Alysha Ramus

First post: Nov 5, 2019 Latest post: Jul 16, 2020
Girl Interrupted – Alysha’s Diagnosis Railroads Aspiring Nursing Career

A Story of Strength and Independence


I used to feel strong, that I knew what I was doing, and that I had a plan, and now I feel lost, the only plan and force I had got taken away from me. I feel weak now, like I’m a baby. It takes away YOU. I had worked hard for my life and I was getting it and in days I lost it. In one sentence; you kind of know, but then they say, “You have cancer.”  I’m 25.  How do I have cancer? I’m healthy.


My journey began in…

March. I had pain and tightness in my chest when breathing and was admitted to hospital. Pericarditis was a possible diagnosis (fluid around the heart). It was drained with a paracardial infusion. This is how my journey began. The doctors said that they don’t know the cause in 1 in 3 cases, and I went home. I had no idea how my life was going to change and poured all of my energies into my nursing studies.


In August the pain came roaring back. I spent 2 days, then 5 days, then 5 more days in the hospital. The fluid on my heart came back twice, it was drained twice. Every test was coming back clean. “It must be a virus,” they said. I felt tired and defeated. I felt frustration at whatever this was interrupting school. I was in my second last semester of Registered Nursing at University of Lethbridge. My professors were very understanding and helpful, but my whole semester was being interrupted.


In September it was decided to leave the drain in for the weekend when the pain sent me to emergency again. The fluid was back. “Rest. Take it easy.” Were my instructions. I could attend classes but couldn’t keep working. I had to keep the stress down.


October is the month for me where life as I knew it would never be the same. Stabbing back pain, a trip to the ER, the discovery of nodules on my lungs, so many tests, a chest CT, chest x-ray, endoscopic, a mass on the back of my heart, an ambulance from Lethbridge to Calgary, the possibility of open heart surgery.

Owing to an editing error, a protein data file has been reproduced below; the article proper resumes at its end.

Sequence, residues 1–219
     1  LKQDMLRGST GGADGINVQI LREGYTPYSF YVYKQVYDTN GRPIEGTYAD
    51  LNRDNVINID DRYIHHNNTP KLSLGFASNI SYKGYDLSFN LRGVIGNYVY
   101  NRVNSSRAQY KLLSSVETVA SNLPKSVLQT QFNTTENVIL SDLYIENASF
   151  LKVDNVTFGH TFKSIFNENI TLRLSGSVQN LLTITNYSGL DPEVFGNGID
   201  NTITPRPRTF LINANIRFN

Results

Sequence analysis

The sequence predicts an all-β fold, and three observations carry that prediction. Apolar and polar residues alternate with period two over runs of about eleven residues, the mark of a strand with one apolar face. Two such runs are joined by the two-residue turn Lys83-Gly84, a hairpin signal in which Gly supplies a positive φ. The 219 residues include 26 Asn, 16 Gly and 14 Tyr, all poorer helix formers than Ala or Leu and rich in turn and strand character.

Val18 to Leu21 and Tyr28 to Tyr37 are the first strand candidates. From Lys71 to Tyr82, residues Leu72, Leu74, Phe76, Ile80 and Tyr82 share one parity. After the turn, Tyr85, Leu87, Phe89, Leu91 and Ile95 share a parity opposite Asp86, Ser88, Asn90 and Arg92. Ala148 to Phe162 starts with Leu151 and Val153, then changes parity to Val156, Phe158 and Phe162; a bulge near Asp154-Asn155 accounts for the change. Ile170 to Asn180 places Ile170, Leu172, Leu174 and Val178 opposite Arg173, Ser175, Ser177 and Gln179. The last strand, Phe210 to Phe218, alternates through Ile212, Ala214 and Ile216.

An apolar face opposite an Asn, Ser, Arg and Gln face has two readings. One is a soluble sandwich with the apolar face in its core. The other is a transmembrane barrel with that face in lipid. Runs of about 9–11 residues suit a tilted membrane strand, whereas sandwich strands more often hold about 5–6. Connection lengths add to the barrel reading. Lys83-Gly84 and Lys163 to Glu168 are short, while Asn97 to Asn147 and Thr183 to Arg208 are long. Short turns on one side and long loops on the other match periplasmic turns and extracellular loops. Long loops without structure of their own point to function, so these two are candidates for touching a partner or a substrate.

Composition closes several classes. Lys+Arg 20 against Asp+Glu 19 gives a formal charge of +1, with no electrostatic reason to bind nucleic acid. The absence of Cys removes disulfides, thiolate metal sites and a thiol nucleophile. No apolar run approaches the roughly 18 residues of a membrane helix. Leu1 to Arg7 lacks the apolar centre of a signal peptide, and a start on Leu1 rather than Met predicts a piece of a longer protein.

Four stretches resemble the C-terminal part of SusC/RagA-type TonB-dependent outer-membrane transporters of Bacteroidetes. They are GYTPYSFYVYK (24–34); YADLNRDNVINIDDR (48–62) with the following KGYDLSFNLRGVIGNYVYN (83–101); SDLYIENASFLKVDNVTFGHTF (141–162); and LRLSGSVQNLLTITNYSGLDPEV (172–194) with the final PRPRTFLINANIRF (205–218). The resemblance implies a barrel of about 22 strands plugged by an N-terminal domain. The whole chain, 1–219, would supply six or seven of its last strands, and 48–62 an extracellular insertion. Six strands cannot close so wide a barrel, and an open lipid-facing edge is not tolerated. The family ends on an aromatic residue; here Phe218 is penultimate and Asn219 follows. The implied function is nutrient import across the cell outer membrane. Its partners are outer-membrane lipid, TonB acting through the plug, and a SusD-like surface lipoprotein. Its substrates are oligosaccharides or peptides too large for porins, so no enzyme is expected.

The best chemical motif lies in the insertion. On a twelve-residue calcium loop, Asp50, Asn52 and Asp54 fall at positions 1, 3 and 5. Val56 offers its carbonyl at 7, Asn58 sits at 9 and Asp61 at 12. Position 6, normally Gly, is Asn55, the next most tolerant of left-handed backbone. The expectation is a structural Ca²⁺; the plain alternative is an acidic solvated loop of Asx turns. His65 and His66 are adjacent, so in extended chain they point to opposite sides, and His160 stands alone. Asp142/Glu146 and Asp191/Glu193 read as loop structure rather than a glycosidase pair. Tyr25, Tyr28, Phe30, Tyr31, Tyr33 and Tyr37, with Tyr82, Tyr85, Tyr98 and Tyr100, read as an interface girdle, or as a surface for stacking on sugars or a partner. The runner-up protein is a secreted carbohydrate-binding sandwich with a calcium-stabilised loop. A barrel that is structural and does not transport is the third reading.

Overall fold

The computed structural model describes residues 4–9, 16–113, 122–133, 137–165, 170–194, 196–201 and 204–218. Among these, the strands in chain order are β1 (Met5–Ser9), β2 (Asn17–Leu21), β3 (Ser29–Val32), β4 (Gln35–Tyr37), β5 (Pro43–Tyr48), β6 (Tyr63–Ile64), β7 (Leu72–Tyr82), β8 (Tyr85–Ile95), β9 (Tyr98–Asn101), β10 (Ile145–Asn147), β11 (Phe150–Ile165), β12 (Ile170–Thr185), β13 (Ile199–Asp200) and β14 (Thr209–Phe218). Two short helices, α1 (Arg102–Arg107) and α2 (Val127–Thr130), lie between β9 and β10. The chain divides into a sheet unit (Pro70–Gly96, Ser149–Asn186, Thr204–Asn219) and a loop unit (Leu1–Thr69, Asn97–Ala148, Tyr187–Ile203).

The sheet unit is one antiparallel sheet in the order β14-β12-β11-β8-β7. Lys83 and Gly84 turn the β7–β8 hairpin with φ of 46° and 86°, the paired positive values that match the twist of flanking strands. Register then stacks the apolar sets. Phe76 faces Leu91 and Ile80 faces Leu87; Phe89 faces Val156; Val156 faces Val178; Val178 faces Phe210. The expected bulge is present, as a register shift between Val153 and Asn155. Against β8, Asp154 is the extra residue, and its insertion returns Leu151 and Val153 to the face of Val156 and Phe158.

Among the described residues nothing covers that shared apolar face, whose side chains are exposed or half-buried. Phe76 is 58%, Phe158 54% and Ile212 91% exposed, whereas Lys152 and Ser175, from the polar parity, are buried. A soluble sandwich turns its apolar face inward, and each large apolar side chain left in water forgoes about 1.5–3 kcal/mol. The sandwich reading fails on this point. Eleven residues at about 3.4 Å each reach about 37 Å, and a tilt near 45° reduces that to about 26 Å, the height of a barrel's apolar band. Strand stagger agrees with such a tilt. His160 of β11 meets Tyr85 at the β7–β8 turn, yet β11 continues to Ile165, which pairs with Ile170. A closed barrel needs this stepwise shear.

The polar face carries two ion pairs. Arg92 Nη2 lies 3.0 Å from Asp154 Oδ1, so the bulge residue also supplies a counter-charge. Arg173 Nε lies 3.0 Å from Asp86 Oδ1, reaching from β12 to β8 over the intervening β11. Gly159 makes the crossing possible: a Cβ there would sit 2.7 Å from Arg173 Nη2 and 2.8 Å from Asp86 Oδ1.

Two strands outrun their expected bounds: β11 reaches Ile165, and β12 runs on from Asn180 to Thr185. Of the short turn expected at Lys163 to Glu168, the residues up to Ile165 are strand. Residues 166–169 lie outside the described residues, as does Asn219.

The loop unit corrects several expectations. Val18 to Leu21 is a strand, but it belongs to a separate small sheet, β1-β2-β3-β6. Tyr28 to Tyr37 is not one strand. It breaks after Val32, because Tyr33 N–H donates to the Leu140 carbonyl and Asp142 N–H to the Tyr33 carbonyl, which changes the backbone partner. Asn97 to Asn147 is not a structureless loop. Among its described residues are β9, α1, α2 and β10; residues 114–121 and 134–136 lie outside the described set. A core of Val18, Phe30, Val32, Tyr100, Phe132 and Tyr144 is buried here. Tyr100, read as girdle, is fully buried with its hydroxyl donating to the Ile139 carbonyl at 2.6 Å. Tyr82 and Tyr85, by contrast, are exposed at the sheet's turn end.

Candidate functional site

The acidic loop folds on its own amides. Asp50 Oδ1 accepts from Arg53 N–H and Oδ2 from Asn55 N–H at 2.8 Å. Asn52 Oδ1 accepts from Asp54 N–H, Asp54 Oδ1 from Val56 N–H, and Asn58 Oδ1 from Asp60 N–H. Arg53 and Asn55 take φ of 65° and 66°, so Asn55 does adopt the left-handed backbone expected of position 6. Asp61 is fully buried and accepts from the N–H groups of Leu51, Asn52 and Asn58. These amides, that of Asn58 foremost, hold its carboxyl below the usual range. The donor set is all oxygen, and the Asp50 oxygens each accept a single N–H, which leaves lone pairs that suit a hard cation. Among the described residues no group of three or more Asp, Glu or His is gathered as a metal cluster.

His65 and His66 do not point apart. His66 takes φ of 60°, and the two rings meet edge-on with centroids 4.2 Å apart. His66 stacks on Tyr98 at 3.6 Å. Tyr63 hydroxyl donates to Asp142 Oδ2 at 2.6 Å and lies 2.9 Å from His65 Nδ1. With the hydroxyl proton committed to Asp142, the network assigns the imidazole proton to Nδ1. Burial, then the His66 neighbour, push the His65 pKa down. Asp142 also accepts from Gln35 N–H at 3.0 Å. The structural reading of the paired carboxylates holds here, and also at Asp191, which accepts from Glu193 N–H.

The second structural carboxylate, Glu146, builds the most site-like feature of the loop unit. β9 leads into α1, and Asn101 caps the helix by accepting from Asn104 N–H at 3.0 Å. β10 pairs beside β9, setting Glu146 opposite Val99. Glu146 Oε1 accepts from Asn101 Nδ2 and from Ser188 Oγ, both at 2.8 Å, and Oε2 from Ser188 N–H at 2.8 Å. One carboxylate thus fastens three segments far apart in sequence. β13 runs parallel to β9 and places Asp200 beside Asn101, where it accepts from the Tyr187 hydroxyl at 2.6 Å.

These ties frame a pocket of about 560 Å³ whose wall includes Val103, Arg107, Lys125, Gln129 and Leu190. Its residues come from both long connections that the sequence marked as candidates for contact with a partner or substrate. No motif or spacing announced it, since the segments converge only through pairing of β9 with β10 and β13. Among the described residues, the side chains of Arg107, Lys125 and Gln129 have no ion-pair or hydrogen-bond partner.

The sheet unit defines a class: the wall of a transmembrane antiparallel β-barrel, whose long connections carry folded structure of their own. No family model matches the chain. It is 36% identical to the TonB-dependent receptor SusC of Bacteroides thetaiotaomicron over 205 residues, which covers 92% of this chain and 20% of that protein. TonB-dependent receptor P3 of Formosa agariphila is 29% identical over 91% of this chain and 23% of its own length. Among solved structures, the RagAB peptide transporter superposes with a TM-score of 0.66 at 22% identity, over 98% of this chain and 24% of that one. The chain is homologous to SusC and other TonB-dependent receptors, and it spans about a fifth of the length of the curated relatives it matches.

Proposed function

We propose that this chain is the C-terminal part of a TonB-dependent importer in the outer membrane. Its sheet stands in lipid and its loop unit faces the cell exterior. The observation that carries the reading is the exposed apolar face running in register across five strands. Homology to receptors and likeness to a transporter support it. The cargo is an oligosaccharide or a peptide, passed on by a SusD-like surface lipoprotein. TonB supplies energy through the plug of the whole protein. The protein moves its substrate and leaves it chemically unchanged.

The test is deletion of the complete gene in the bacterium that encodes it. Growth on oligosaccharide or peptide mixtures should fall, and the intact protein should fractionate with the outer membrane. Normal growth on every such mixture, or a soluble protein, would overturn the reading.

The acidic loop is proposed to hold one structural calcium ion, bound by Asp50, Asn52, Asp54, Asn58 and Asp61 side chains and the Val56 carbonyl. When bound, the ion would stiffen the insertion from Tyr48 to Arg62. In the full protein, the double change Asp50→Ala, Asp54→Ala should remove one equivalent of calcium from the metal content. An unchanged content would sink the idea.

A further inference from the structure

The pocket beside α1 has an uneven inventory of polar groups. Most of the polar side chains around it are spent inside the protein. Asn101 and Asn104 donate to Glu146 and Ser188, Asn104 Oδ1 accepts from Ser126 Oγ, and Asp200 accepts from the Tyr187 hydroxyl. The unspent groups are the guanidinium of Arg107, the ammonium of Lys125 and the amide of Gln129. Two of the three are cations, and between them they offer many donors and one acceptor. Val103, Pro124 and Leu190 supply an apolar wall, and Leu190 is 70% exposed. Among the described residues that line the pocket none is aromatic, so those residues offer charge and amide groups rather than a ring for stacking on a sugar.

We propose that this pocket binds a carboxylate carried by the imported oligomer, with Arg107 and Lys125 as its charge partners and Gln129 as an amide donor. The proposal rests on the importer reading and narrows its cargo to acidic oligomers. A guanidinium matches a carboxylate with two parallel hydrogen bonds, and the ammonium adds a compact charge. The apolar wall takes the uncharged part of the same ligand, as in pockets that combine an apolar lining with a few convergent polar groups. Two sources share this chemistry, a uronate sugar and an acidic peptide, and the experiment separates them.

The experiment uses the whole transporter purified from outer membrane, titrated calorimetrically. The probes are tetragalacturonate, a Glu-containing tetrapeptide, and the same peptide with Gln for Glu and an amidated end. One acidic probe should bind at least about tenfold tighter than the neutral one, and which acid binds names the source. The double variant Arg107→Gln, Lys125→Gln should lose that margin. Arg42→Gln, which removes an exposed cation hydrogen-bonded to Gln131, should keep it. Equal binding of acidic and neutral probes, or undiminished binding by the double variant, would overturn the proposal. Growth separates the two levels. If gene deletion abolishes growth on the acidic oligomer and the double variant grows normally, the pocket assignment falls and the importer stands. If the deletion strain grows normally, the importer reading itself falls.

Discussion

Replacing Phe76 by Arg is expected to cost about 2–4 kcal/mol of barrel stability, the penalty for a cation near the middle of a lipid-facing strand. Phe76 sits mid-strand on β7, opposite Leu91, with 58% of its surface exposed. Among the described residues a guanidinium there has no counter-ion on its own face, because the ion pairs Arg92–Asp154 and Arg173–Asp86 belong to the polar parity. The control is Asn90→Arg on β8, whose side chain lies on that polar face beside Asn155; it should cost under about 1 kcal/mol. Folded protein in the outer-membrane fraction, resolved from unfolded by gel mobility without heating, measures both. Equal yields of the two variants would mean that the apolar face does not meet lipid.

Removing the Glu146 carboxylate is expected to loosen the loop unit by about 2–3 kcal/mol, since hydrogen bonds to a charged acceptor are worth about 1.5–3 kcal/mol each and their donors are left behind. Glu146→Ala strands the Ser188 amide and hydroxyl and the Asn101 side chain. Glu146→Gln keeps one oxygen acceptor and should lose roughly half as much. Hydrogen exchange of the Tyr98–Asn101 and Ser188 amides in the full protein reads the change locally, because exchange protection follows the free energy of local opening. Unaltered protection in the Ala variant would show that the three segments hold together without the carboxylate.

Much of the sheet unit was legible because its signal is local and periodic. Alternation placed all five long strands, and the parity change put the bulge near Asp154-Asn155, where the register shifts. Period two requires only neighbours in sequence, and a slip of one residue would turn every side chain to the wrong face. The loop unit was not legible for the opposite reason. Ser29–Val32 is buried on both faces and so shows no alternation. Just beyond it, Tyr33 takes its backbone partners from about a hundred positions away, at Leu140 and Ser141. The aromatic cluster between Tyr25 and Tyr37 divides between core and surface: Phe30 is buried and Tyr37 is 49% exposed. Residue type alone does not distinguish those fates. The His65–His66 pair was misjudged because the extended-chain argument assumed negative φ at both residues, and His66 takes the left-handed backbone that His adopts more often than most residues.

I was overwhelmed with how fast things were moving, worried about surgery interfering with school, lots of tears, communicating with my parents, friends, my stomach was in my throat, like being on a plunging rollercoaster, suddenly everything is different. I had things to arrange, pets, my partner’s work, school, home, rent, roommates, car, sleeping, staying, letting my parents know when I was going to arrive, my family arriving at the hospital. There was a lot of uncertainty.


No longer do I measure these events in months, but now days and hours. Hurry up and wait.


Friday - about a dozen invasive and painful tests.  

Saturday – a bone scan on my knee. It’s my 25th birthday. “What’s wrong with my knee?”  The WORDS that shifted my reality; the resident said, “It’s most likely cancer that has spread to your bones, but we won’t know for sure until the biopsy.”

Monday – I phoned my aunt to come to Calgary. My mom was going to need support.

Tuesday - bone scan. Nick had to call my mom. She could hear me crying, it was probably cancer, but we didn’t know for sure. The biopsy was to be done right away. Another painful procedure; the biopsy from my lung. We had to WAIT again; 24-48 hours for these results.

Thursday - Stage 4 cardiac angiosarcoma. Nick was with me. My family by my side soon after. I got news of cancer and acceptance of my desired preceptorship spot the same day. I’d worked so hard to get that spot. I’d have to let my spot go. Kicked when you’re down, happy f*n birthday to me. Life as I knew it is over.

Friday - the oncologists would meet on Monday to determine my treatment plan.


How do you take stuff like this in? My life crashed in front of my eyes; stage 4, spread from the original spot through my body.


Monday - the doctors shared my treatment plan. It is a very rare cancer.

Tuesday - I started Chemotherapy. I started Chemo on a Tuesday. This is my new normal; chemo on Tuesdays. Blood work Mondays. Clinic at the hospital on Mondays. I’m on oxygen and have a portable tank. The tank lasts an hour and a half.




Life adjustments so far: Nick and I have had to pick up our lives and move to Calgary. We had to find temporary homes for our dogs. Nick is trying to transfer his office location to Calgary because I have to be near the Tom Baker Cancer Centre. Nick’s employer has been a huge supporter. For now, I have moved back home. I am struggling with the loss of independence and having to depend on people again; for driving me, for monitoring my pain medications, but most of all I am grieving the interruption to achieving my nursing degree. My written request for allowance for partial completion of my semester was denied.


Effect on my family: It’s really hard. I’ve always been strong for the people around me. Watching them hurt because I’m not well breaks my heart. You feel like a burden. They know I’m strong but now I feel weak, but now their daughter has lost part of who she is because I literally physically am not strong, and now I need to ask for help. It’s not just my life that’s changed, it’s everyone’s life around me. Not just my life, Nick’s life, my mom’s life. The worst part is going from completely healthy to not. I barely even got sick as a kid.